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A Collision in Court: Trump’s Grand Jury Proceedings Delay Jan. 6 Verdict – UnlistedNews

For several months now, the Federal District Court in Washington has been ground zero for various attempts by the Justice Department to address the legacy of former President Donald J. Trump.

The courthouse, which is located on Constitution Avenue, is where hundreds of rioters who stormed the Capitol on January 6, 2021, were indicted. It is where a grand jury investigated Trump’s handling of classified documents, a case in which charges were ultimately brought in Florida. And it’s where a separate grand jury continues to examine the former president’s efforts to overturn the 2020 election in a case in which Trump was recently told he could soon face impeachment.

On Thursday, two of these legal proceedings collided in an unusual spectacle, when a federal judge removed the prosecutor leading the election interference investigation from a grand jury proceeding and summoned him to his courtroom. The judge, Trevor N. McFadden, was apparently upset that the prosecutor, Thomas P. Windom, had prevented an attorney representing a witness before the grand jury from appearing in time for the verdict reading of a January 6 defendant whom the attorney also represented.

While the incident came to a quick conclusion and appeared to have resulted in little more than a public display of tension, it nonetheless reflected the complexities that stemmed from Trump’s packed legal schedule.

The former president has now been indicted in Florida in the classified documents case and in New York City on charges related to secret payments to a porn star ahead of the 2016 election. He could soon be indicted twice more, in Washington and Georgia, in connection with his efforts to rig the 2020 election. All of this, playing out even as Trump is running for office again, has put enormous pressure on everyone involved, from the courts to the lawyers involved in the various legal efforts that have brought him to power. surround.

The lawyer involved in Thursday’s episode, Stanley Woodward Jr., is among the busiest in Washington these days. Mr. Woodward has worked for several January 6 defendants, including one convicted last year of seditious conspiracy while also representing Walt Nauta, Trump’s co-defendant in the classified documents case, and various witnesses involved in Trump-related grand jury investigations.

Thursday’s events began when Woodward accompanied one of his clients, Will Russell, a former Trump aide, to his third appearance before one of the grand juries investigating the former president’s attempts to overturn the election.

Russell, who worked as Trump’s White House aide and later went on to work for him in his post-presidency office, has been a witness in both that investigation and one related to Trump’s withholding of classified documents. Investigators also asked him for information in connection with an investigation into Trump’s fundraising from his false claims of widespread fraud affecting the election.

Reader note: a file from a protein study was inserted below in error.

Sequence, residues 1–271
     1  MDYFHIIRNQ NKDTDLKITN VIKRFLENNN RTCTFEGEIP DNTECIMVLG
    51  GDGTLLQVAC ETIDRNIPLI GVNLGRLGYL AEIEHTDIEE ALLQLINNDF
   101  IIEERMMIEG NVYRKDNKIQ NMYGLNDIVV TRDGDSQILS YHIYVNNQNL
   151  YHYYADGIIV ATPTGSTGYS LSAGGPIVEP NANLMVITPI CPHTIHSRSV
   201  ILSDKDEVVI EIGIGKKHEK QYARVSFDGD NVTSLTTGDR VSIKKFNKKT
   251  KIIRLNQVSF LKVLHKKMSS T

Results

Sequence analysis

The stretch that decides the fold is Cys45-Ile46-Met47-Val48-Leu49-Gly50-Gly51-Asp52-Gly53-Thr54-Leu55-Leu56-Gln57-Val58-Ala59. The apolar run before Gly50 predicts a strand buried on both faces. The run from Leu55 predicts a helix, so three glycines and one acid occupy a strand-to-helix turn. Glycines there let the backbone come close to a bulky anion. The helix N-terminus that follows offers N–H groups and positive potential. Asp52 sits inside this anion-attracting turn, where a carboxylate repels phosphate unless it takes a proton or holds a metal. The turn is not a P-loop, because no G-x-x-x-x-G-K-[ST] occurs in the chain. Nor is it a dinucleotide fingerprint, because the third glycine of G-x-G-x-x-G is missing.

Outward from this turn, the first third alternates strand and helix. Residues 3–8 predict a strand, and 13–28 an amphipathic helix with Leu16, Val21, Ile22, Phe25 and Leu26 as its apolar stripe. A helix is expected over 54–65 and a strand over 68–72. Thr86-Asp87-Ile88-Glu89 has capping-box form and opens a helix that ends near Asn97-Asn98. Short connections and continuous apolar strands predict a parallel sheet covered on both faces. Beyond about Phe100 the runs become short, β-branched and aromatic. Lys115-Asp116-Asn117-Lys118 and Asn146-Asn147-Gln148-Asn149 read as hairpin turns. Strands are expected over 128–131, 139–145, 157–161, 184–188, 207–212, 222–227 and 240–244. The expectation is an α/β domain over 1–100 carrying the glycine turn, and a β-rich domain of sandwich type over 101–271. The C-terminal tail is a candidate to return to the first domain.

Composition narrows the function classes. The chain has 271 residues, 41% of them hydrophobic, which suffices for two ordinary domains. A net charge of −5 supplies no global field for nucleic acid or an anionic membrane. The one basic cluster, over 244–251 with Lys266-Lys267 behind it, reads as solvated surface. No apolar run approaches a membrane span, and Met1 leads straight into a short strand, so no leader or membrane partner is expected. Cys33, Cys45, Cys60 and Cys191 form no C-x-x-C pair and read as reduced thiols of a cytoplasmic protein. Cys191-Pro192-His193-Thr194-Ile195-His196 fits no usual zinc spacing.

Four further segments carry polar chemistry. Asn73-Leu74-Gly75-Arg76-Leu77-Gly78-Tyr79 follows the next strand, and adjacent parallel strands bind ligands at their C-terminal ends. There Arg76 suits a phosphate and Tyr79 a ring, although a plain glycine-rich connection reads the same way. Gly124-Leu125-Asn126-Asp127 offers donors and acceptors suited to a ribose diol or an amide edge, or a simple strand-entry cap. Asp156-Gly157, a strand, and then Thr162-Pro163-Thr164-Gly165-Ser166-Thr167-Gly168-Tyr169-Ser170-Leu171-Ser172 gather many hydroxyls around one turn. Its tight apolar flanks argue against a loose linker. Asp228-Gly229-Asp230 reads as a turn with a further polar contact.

On Thursday, Russell was asked a series of questions about his interactions with Trump before the former president’s departure from the White House, according to a person familiar with the appearance. More than once, Russell got up and dropped out of the process to consult with Woodward after prosecutors raised questions related to her conversations with Trump, the person familiar with the appearance said.

The problems began when Mr. Russell’s grand jury appearance was dragged out, causing Mr. Woodward to be late for the verdict reading of the bench trial for one of his clients in the Capitol Hill riot in front of Judge McFadden. The client, Federico Klein, who served as an official in the State Department during the Trump administration, was ultimately found guilty of seven felony counts, including assault on police and obstruction of an official proceeding before Congress.

But before Judge McFadden delivered the verdict, he asked Woodward why he was delayed. When the judge found out it was due to the grand jury, he sent court officials to call Mr. Windom, who works for special counsel Jack Smith.

When Mr. Windom appeared in the courtroom, Judge McFadden made him sit through part of Mr. Klein’s verdict reading.

It was only after the verdict was delivered that Judge McFadden consulted with Mr. Windom and Mr. Woodward. But the sidebar conversation was private and took place out of public view.

Mr. Russell’s appearance before the grand jury was just an indication that Mr. Smith’s team continues to investigate election interference even after sending Trump an alleged targeting letter that says he could soon be indicted on at least three counts.

Prosecutors are also trying to schedule a voluntary interview with Bernard B. Kerik, the former New York City police commissioner who worked closely with Trump attorney Rudolph W. Giuliani investigating post-election fraud claims. Giuliani sat down for his own voluntary interview with Smith’s office last month.

Zach Montague contributed reporting from Washington.


Sara Marcus
Sara Marcushttps://unlistednews.com
Meet Sara Marcus, our newest addition to the Unlisted News team! Sara is a talented author and cultural critic, whose work has appeared in a variety of publications. Sara's writing style is characterized by its incisiveness and thought-provoking nature, and her insightful commentary on music, politics, and social justice is sure to captivate our readers. We are thrilled to have her join our team and look forward to sharing her work with our readers.


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